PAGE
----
• prepare for meetings by reading papers, making notes and formulating challenging questions
  • not raise subjects that are not on the agenda
  • ask positive and challenging questions
  • not make statements rather than ask questions, or try to score political points
  • contribute to setting forward work programmes and be prepared to assist in any Task and Finish groups 
  • try to ensure that they attend every meeting.

Scrutiny in Pembrokeshire

Pembrokeshire has five Overview and Scrutiny Committees;

How is Scrutiny monitored?

Each year an Annual Report is produced which reviews the work of the Committees over the previous year. The report focuses on the work the Committees have carried out, the differences the work of each Committee has made, key outcomes, training and development undertaken by Committee members and challenges for the Committees in the year ahead. Overview and Scrutiny Annual Reports are presented to Council and can be viewed on the Council’s Overview and Scrutiny Web pages.

Officer Support

Overview and Scrutiny Committees have support from Democratic Services Officers who provide advice and guidance to the Chair, Vice-Chair and Committee members and to any working groups established to undertake detailed investigations into particular areas of the work programme. Officers also co-ordinate the preparation and gathering of reports for consideration at Committee meetings.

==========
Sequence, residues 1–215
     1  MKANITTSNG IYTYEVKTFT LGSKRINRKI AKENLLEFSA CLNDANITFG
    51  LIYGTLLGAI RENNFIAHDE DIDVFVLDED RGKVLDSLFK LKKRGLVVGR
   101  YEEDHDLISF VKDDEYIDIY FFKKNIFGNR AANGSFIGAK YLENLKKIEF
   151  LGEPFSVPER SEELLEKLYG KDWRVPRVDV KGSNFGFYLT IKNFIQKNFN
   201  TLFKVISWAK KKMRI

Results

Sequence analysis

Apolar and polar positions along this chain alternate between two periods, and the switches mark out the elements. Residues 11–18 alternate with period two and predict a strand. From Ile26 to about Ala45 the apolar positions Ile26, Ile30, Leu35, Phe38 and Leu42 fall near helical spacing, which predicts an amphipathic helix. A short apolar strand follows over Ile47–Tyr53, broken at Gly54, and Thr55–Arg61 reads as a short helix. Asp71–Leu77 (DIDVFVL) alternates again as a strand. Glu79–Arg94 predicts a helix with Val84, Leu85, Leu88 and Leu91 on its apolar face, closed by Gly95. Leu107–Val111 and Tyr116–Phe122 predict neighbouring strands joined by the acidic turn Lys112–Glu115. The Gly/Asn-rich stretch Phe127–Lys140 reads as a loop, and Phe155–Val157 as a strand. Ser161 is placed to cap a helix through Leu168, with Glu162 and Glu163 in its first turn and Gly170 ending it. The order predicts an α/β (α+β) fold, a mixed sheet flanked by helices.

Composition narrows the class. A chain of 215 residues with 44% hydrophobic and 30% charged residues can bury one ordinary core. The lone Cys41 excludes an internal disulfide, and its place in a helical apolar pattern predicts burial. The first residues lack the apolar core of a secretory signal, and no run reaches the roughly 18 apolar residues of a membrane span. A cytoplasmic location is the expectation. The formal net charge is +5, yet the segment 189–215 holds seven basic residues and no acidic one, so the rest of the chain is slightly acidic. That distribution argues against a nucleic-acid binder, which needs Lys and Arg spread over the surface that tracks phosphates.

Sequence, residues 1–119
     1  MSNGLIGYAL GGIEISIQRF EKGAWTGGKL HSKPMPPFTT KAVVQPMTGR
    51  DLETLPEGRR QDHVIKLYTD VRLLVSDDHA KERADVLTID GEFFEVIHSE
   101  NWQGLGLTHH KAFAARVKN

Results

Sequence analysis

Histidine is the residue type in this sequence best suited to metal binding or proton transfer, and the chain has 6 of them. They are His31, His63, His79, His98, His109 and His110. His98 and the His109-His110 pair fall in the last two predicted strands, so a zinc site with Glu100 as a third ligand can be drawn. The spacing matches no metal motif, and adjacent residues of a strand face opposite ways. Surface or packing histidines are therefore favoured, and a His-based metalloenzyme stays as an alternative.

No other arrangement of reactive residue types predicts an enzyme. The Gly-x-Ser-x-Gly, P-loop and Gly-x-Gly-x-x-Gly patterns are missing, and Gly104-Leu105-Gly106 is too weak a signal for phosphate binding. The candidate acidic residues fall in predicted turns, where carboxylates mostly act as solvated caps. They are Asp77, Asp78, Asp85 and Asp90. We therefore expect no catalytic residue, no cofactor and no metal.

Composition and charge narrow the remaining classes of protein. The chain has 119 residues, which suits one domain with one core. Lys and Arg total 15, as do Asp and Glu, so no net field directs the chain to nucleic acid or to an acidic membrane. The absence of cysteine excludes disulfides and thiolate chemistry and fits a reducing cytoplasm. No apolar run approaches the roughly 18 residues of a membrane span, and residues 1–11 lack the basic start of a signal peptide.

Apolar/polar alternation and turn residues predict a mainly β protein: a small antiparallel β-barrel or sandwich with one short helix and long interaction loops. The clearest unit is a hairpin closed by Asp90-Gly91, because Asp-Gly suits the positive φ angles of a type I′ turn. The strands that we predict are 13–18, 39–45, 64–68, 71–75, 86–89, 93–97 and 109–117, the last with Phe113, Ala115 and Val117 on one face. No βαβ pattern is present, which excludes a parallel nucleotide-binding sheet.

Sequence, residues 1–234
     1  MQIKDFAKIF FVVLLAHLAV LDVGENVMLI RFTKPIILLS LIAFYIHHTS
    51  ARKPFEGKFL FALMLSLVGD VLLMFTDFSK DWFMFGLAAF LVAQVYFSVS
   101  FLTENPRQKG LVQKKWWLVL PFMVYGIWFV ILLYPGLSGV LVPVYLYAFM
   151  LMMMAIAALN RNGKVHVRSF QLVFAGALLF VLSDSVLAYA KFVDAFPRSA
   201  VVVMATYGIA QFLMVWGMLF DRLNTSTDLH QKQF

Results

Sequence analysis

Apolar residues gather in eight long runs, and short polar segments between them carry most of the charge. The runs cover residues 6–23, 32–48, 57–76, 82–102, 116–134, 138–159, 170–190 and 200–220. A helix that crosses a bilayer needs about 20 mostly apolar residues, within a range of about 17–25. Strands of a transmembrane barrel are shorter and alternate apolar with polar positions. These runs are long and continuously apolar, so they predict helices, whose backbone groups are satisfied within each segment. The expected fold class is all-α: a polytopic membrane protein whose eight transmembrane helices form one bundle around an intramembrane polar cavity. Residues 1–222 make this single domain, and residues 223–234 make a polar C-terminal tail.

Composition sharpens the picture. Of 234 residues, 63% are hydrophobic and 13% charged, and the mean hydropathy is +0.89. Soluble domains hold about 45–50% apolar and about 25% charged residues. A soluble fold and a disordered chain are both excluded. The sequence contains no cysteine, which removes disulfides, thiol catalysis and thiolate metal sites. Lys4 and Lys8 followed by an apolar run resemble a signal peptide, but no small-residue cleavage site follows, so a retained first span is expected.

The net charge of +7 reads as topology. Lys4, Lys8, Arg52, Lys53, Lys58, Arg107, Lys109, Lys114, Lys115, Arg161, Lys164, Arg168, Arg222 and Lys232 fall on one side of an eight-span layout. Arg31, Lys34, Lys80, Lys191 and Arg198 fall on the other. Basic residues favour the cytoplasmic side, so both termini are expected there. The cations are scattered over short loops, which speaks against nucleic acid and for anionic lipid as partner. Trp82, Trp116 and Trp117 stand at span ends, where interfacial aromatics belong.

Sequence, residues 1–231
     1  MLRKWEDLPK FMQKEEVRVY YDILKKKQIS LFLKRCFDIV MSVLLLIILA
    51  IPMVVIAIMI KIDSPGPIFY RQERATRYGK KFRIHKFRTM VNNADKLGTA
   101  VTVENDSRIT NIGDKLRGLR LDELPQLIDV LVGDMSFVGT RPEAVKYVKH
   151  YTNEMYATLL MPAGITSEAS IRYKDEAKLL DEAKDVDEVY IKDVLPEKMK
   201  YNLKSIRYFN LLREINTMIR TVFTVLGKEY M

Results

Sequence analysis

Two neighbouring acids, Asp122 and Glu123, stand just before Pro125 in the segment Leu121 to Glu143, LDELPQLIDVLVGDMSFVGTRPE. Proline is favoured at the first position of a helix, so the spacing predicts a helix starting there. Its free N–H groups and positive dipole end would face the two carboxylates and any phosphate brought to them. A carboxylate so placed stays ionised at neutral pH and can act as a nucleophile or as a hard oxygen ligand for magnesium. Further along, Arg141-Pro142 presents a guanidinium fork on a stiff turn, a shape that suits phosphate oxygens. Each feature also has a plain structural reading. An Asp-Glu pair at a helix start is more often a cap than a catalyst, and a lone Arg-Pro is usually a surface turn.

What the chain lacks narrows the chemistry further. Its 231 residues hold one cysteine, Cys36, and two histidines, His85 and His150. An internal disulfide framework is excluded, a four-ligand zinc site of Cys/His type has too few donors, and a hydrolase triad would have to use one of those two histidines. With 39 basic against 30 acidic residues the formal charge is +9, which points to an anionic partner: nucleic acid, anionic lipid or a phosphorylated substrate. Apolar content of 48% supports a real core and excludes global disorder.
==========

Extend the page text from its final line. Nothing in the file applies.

Public Engagement

Scrutiny provides opportunities for members of the public to get involved with the work of the Council. If there is a topic that you feel strongly about or one in which you have a particular area of expertise, you can make a request to speak at an Overview and Scrutiny Committee meeting. A protocol is available on our Scrutiny web pages which explains how this process works. Alternatively, members of the public can submit written views on a matter being considered by a Committee which is already on the Committee’s work programme, or can suggest a topic for Scrutiny. Forms are available on the Scrutiny web pages along with work programmes for each Committee, which list areas for Scrutiny over the coming months.

ID: 545, revised 08/03/2022